WASHINGTON – The Senate on Thursday overturned a longstanding rule that required a supermajority of 60 votes to approve presidential appointments to the Supreme Court, clearing the way for Neil Gorsuch to be approved as associate justice by a simple majority on Friday.
Majority Leader Mitch McConnell initiated the change in rules, employing the so-called “nuclear option,” and halted a Democratic filibuster that had blocked the Gorsuch nomination. Republican and Democratic senators blamed one another.
“It shouldn’t be someone as qualified as Gorsuch to trigger the nuclear option,” said Sen. Bill Cassidy, R-La., after the vote. “It’s going to be much harder to work across the aisle.”
Sen. Ted Cruz, R-Texas, agreed. “The Senate Democrats’ blanket obstruction of everything – cabinet, nominees, is unprecedented in Senate history,” he said. “It is driven by a fear of the radical left.”
But Democrats blamed Republicans, who they charge effectively stole the Supreme Court vacancy. McConnell and his Senate majority refused last year to consider or hold hearings when then-president Barack Obama nominated Merrick Garland. Obama chose the federal appeals court judge to fill the vacancy left by the death of Antonin Scalia on February 13, 2016.
“This nominee [Gorsuch] has been afforded vastly more gracious treatment than Merrick Garland. Merrick Garland got no hearing,” said Sen.Ron Wyden, D-Ore. “The Republicans have fundamentally gone astray that Barack Obama’s tenure is going to be three years [not four]long when it comes to court nominations.”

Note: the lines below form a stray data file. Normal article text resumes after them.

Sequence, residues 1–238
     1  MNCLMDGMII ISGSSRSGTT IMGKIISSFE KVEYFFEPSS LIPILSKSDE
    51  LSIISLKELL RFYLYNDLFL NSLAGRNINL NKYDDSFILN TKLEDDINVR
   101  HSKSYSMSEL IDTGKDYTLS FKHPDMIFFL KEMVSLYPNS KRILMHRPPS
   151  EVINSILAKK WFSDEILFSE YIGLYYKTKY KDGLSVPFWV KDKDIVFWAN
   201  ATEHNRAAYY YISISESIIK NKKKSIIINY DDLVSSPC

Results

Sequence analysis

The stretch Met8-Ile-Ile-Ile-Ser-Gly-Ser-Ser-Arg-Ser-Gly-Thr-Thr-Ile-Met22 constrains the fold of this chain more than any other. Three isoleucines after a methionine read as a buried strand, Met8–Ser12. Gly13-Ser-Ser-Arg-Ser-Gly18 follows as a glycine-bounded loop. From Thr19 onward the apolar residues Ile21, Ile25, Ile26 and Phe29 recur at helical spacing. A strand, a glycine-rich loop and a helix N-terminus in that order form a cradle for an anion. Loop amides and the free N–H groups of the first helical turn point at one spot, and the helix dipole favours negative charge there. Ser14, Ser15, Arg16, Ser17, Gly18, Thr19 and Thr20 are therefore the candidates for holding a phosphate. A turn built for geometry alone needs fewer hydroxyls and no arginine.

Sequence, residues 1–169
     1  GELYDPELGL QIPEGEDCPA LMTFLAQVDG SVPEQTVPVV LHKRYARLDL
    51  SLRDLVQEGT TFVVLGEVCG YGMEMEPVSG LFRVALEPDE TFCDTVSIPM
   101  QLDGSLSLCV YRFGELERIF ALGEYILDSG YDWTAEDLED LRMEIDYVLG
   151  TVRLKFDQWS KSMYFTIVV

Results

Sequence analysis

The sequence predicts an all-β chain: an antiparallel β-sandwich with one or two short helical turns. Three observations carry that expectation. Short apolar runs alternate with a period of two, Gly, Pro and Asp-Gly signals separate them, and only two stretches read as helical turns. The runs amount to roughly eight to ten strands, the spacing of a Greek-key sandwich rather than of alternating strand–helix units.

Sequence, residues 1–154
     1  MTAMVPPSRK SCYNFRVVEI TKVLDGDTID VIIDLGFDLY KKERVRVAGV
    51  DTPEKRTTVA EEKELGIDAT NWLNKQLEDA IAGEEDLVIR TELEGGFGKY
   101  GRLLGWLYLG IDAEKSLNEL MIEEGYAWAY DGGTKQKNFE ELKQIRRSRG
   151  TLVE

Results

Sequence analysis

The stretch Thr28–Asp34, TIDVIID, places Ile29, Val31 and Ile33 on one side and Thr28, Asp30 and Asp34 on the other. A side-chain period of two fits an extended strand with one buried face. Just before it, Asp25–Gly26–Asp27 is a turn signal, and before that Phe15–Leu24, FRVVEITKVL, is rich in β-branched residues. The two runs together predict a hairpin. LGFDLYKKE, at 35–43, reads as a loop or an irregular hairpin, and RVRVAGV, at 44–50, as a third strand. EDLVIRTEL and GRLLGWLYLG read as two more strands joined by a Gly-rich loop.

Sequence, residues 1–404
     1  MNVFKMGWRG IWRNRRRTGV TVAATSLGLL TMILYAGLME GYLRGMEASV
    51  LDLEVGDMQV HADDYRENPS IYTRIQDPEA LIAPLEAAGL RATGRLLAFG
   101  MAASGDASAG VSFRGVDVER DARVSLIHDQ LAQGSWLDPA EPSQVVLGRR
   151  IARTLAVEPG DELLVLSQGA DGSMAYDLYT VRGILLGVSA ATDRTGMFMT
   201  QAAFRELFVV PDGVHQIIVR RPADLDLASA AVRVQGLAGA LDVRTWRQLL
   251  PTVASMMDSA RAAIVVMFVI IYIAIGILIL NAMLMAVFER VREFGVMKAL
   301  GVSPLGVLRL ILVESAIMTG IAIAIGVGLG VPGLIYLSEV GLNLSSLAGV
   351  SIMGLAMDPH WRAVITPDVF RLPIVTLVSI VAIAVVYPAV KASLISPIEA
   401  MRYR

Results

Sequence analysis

Sen. Dianne Feinstein, D-Calif., said the Democrats were also listening to their constituents. She said they had received “120,000 calls [regarding Gorsuch], 83 percent opposed, that’s a lot of call for a judge,” Feinstein said.
“What goes around, comes around, what just happened,” said Feinstein. “The Republicans didn’t think it is even necessary to find a candidate that both sides will agree on, and that’s what’s very hard to accept.”
“Given that McConnell had the votes to invoke the nuclear option, it was probably in the Democrats’ political interest to filibuster,” wrote Molly E. Reynolds, a fellow at the Brookings Institution, in an email. Both sides could be disadvantaged in the future by the rule change, but parties are generally focused on short-term political circumstances rather than the longer term, Reynolds wrote.
But Cruz said the Gorsuch nomination was different. “The nomination of Supreme Court justices was a central point in  presidential election,” he said, “and the American people made the choice.”
Despite the bitter wrangling, Feinstein said the rules change would not necessarily damage relations between the parties in the Senate forever.
“We’ve been hard times before, and there’s something that eventually will drive people together,” said Feinstein.
“The Senate has long engaged in “partisan procedural arms race” in which the majority party changes rules in their favor,” Reynolds wrote. “it’s become more partisan over time—though that’s not to suggest that it hasn’t had periods and episodes of significant bipartisanship throughout its history.”